Hairpin bend just after the last fountain on the climb of l'Oronet

With the possible exception of other cyclists, there should be very little traffic by this point, making it possible to enjoy the spectacular mountain scenery of the Sierra Calderona.

Road near the summit of l'Oronet, Valencia, Spain
The average gradient rises as we get nearer to the summit of l'Oronet

With patches of around 12%, the last drag is noticeably harder than the rest of the climb but, again, it's nothing that can't be tackled easily with some steady pacing.

Just before we arrive at the summit we pass the turn-off on our right to el Alto del Garbí, which sees the road continue up and along the ridge of Sierra Calderona to the Garbí Viewpoint. El Garbí can be ridden as an extension of l'Oronet, but it does deserve its own article, not least because of the different options we have of climbing to (or descending from) the summit via the villages of Segart and Estivella from the east.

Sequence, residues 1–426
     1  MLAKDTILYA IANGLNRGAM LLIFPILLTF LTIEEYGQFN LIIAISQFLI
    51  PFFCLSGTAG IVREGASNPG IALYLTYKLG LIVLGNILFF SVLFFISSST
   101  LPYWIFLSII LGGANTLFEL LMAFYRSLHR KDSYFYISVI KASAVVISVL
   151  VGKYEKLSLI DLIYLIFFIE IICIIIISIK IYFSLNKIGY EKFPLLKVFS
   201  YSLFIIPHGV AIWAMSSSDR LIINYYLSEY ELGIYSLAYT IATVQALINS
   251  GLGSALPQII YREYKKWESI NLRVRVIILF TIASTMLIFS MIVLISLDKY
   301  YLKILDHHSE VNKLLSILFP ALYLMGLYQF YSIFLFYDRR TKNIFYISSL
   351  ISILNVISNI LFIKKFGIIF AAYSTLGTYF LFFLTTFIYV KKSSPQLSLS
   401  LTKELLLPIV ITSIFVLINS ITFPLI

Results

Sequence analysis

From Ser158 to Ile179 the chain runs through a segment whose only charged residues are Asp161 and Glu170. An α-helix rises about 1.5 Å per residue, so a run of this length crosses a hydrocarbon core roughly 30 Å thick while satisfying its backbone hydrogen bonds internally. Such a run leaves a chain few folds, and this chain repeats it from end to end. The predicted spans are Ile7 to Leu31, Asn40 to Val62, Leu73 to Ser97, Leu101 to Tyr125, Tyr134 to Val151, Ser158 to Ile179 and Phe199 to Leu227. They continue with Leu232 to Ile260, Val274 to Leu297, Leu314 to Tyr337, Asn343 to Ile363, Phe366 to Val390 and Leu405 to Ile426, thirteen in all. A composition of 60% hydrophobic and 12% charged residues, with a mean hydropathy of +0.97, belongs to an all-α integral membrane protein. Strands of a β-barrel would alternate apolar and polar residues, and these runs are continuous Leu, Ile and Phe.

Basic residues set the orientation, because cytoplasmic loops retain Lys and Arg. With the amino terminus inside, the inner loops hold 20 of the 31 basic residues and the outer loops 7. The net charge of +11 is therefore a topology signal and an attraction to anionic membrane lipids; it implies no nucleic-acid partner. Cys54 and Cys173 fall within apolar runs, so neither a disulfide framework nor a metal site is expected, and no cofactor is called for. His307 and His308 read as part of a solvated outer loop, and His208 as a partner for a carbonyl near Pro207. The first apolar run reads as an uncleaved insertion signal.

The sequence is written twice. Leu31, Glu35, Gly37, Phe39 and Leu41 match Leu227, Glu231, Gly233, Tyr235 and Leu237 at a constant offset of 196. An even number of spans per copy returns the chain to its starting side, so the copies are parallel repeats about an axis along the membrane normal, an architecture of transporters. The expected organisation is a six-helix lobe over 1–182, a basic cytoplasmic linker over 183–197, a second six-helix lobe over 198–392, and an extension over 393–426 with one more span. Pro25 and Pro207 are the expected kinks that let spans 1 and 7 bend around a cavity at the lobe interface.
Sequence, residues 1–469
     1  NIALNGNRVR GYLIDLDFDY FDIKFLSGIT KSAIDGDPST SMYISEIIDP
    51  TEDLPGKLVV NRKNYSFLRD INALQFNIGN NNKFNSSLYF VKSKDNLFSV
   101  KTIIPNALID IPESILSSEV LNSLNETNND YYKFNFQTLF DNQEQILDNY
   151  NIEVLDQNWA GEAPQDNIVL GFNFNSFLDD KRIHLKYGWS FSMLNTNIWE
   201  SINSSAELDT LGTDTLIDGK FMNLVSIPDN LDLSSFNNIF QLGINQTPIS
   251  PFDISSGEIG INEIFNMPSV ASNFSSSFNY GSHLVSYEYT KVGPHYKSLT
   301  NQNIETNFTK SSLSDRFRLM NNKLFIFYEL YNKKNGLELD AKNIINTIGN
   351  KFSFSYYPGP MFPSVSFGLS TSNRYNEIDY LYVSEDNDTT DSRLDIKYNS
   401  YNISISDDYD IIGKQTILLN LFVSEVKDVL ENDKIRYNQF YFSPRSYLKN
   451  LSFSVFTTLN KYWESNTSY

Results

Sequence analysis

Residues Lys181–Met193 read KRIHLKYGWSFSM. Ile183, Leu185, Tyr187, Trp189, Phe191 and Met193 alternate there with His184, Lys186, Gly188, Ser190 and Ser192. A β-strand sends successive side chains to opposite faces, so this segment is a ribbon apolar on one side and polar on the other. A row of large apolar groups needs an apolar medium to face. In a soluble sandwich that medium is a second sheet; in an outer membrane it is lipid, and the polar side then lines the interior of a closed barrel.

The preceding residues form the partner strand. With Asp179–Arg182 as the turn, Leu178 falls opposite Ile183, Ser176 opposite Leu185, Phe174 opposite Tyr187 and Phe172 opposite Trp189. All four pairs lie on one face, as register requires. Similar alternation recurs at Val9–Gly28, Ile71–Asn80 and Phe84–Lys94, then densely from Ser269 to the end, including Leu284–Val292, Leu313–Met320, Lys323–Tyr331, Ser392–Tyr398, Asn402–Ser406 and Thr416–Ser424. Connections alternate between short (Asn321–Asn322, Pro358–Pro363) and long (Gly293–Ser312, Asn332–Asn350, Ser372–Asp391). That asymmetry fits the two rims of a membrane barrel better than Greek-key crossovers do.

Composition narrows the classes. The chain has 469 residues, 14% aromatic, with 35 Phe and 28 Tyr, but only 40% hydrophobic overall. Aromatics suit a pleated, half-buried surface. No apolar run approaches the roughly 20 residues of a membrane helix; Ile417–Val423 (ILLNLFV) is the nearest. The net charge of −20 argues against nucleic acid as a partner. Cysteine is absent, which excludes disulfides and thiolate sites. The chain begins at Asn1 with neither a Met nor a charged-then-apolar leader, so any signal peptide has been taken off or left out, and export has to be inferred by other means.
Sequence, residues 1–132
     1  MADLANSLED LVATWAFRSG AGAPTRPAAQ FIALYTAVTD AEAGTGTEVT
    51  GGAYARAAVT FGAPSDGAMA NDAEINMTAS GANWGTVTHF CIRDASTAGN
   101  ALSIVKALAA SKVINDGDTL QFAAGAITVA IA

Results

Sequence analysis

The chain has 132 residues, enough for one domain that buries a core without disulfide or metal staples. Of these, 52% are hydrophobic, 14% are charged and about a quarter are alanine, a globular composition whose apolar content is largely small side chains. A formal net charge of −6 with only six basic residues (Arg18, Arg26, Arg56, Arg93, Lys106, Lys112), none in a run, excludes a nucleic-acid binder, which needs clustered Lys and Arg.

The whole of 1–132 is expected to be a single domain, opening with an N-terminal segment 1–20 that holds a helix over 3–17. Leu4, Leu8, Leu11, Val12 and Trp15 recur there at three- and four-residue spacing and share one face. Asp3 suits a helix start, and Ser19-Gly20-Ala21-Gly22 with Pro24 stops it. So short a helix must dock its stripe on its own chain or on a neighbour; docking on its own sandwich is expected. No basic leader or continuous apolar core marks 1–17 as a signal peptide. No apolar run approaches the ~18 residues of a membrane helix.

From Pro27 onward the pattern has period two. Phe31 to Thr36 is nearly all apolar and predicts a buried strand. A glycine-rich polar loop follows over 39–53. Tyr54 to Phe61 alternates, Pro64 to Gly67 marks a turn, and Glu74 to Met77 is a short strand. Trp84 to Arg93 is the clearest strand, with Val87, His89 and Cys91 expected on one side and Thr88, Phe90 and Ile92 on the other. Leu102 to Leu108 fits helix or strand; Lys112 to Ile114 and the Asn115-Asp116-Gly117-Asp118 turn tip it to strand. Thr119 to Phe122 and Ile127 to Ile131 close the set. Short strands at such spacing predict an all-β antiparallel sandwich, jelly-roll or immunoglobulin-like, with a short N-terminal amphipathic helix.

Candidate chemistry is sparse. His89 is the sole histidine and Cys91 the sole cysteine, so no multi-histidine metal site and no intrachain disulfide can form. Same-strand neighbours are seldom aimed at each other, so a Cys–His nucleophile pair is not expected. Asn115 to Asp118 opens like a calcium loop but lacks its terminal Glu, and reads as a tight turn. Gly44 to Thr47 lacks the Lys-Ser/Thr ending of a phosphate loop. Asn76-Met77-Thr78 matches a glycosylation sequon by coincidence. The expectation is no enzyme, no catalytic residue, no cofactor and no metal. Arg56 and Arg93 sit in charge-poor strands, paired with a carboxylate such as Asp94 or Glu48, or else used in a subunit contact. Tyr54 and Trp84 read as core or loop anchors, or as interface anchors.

Summit maker on el puerto de l'Oronet, Valencia, Spain
Summit maker on el puerto de l'Oronet

L'Oronet was one of the first climbs in the Valencian Community to be included in the provincial council's road cycling network, and as such the climb is signposted with the usual distance and gradient signs at every kilometre. The new sign marking the summit of l'Oronet is located just at start of the descent down the northern side of the climb, and just beyond Bar l'Oronet and Restaurante el Collao, which may or may not be open when you get to the top of the climb, their opening hours forming part of the mystery that keeps life so interesting.